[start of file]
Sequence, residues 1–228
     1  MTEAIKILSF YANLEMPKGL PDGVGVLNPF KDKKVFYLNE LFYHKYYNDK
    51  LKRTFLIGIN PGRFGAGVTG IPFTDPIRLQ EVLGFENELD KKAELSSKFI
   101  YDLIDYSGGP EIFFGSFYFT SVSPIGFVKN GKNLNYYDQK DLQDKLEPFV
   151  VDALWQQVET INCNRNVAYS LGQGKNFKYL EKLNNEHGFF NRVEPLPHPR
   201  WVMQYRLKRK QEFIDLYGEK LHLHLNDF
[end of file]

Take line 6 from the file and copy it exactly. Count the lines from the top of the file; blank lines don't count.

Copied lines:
   201  WVMQYRLKRK QEFIDLYGEK LHLHLNDF